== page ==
The EESC has dedicated yet another opinion to combating the shadow economy and undeclared work.

The EESC has dedicated yet another opinion to combating the shadow economy and undeclared work. Both topics are highly delicate, not least because their extent and impact on the economy differs enormously among Member States and regions, ranging from below 10% to more than 30% of total output. They also vary considerably from one economic sector to another.

“Unfortunately too many people still view the shadow economy as a normal part of society and lack any remorse about using the ‘black market’ either to hire/provide cheap workers or buy/sell goods while circumventing taxation. Furthermore, many countries still lack a clear stance on the shadow economy and undeclared work “, says Stefano Palmieri, rapporteur for the own-initiative opinion ‘A strategy against the shadow economy and undeclared work‘.

Almost one-third beyond the reach of government authorities

Estimates show that the shadow economy and undeclared work in Europe today are worth over EUR 2.1 trillion1, which is money governments lack for much-needed investment and job creation. “Some people are profiting at the expense of many others”, stresses Mr Palmieri.

The shadow economy also has harmful consequences for the economy (e.g. its impact on the quality of products and services, lost tax revenues, etc.) and for society (its impact on working conditions and the exploitation of vulnerable working groups, such as immigrants, young people, women, etc.).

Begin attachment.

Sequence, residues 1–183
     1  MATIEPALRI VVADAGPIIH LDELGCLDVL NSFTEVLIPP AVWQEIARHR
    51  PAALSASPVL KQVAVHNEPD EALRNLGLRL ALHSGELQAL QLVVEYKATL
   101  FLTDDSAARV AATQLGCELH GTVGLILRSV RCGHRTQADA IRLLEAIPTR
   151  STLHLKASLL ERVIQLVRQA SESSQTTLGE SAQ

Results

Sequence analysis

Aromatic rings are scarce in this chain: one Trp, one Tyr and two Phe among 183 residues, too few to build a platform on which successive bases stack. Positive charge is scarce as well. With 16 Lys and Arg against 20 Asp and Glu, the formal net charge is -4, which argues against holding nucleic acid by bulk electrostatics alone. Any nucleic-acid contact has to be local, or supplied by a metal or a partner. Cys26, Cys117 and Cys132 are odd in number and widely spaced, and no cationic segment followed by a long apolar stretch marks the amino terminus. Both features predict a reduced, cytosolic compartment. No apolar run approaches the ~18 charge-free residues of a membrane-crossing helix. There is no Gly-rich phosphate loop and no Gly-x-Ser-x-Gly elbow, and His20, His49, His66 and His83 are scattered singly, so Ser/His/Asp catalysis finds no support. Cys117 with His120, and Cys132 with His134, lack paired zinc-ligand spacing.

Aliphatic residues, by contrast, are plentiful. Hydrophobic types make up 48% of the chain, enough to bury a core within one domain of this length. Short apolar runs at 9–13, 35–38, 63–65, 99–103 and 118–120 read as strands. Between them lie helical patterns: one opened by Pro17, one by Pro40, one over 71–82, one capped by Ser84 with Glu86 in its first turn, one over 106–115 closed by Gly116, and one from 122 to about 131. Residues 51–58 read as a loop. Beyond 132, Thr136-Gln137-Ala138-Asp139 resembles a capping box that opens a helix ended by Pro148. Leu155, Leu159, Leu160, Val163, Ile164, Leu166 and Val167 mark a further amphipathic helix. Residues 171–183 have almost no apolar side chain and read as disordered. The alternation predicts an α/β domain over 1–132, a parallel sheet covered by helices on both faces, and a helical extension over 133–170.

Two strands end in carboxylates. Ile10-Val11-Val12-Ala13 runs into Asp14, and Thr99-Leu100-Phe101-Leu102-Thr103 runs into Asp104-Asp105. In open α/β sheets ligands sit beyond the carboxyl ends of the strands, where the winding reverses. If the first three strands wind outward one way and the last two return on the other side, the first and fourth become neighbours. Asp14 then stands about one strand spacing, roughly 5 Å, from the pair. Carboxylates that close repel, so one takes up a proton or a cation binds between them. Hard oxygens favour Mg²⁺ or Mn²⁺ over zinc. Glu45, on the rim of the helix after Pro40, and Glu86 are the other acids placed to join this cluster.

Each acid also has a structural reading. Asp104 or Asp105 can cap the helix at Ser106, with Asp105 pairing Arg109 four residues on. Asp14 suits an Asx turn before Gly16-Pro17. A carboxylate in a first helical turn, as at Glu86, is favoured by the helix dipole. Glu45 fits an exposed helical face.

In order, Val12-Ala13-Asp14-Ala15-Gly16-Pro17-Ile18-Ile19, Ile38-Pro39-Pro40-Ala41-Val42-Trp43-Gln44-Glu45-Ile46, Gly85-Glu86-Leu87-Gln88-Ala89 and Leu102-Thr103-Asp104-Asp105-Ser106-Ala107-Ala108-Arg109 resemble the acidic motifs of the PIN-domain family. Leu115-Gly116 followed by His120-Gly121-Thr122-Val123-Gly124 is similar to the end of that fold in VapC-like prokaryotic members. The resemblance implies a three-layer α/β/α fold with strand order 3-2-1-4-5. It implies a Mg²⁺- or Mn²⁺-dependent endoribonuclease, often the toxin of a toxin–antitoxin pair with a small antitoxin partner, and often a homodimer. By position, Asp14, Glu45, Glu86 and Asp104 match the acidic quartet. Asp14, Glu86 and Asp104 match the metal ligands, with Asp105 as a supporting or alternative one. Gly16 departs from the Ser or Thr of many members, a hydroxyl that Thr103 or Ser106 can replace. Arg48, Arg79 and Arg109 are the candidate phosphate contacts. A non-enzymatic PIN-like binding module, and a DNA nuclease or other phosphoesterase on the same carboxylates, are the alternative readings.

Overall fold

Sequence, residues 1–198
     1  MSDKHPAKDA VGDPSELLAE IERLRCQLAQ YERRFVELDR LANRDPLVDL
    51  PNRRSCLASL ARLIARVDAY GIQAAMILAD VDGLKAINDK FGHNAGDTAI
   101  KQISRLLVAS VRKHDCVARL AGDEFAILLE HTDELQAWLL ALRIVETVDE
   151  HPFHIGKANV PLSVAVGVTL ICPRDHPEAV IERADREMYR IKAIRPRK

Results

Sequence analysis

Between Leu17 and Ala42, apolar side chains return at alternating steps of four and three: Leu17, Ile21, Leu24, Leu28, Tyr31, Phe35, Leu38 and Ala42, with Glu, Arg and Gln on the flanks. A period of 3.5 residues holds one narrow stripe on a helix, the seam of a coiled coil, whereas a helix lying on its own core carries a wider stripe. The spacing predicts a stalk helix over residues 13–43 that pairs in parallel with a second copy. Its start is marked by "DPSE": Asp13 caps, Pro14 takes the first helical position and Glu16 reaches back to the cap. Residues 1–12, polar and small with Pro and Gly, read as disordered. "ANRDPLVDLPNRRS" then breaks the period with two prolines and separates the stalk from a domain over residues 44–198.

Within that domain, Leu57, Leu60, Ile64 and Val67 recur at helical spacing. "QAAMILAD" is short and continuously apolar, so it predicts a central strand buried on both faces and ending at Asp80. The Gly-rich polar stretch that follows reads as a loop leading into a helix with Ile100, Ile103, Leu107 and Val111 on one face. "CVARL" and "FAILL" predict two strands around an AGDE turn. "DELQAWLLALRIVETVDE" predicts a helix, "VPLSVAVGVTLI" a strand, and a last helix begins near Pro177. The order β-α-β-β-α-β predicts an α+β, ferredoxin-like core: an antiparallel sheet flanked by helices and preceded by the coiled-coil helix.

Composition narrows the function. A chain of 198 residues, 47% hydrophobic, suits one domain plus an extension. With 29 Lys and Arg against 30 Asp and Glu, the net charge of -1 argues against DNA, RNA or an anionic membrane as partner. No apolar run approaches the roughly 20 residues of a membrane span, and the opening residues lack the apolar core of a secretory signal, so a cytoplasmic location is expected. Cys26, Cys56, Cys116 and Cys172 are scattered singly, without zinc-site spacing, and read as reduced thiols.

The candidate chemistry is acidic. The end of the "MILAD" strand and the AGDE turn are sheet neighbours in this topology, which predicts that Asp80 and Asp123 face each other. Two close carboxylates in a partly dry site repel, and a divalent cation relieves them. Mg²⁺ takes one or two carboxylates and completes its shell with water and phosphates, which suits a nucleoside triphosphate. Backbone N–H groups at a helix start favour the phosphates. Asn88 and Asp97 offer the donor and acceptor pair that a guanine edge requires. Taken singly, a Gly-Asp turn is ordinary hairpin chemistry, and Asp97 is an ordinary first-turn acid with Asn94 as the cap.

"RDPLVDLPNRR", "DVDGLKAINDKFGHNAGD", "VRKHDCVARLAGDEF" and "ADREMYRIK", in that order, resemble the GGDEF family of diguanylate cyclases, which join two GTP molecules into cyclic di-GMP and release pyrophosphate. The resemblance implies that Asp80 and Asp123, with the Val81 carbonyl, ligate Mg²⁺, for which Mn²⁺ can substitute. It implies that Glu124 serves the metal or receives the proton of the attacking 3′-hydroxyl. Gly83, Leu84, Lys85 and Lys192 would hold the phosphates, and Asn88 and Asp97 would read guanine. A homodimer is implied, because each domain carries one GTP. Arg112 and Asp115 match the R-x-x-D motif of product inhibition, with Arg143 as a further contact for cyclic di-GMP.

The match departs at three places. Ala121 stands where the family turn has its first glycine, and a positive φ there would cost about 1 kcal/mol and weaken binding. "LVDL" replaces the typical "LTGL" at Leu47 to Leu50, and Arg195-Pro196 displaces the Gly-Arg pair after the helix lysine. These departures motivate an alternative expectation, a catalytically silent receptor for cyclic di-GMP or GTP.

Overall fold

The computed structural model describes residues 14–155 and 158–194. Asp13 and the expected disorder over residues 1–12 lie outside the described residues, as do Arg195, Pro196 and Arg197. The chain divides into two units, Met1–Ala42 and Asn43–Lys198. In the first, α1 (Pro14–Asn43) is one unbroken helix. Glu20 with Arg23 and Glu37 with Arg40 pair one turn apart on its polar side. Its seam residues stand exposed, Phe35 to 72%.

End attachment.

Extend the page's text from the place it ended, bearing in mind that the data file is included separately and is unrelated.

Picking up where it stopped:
The EESC recommends adopting the Italian methodology to measure the scale, impact and development of the shadow economy and undeclared work

The EESC is convinced that an effective fight against the hidden economy has to start with a quantitative and qualitative impact assessment. “For a Europe-wide assessment, the different methods have to be consolidated. Only then can we compare numbers and develop targeted policies”, states Mr Palmieri, who is convinced that a common methodology is the first step in the right direction. In this regard, the EESC recommends a method developed by the Italian National Institute of Statistics and which has also been tested in that country, which is particularly vulnerable to these phenomena and also has considerable regional differences.

“A complex problem requires a mix of different measures and policies”, states Mr Palmieri, alluding to the various EESC proposals contained in the opinion. “Nor must we forget to look beyond the EU’s borders too, as it is our responsibility that minimum decent working standards also apply to subcontractors for EU companies”.

Available data can be found at: SOC480SOC-tables.doc.

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EESC Press Unit


Tel.: +32 2 546 8641

The European Economic and Social Committee represents the various economic and social components of organised civil society. It is an institutional consultative body established by the 1957 Treaty of Rome. Its consultative role enables its members, and hence the organisations they represent, to participate in the EU decision-making process. The Committee has 353 members from across Europe, who are appointed by the Council of the European Union.

1 : “The Shadow Economy in Europe, 2013”, Friedrich Schneider, Ph.D, JKU Linz, ATKearney, VISA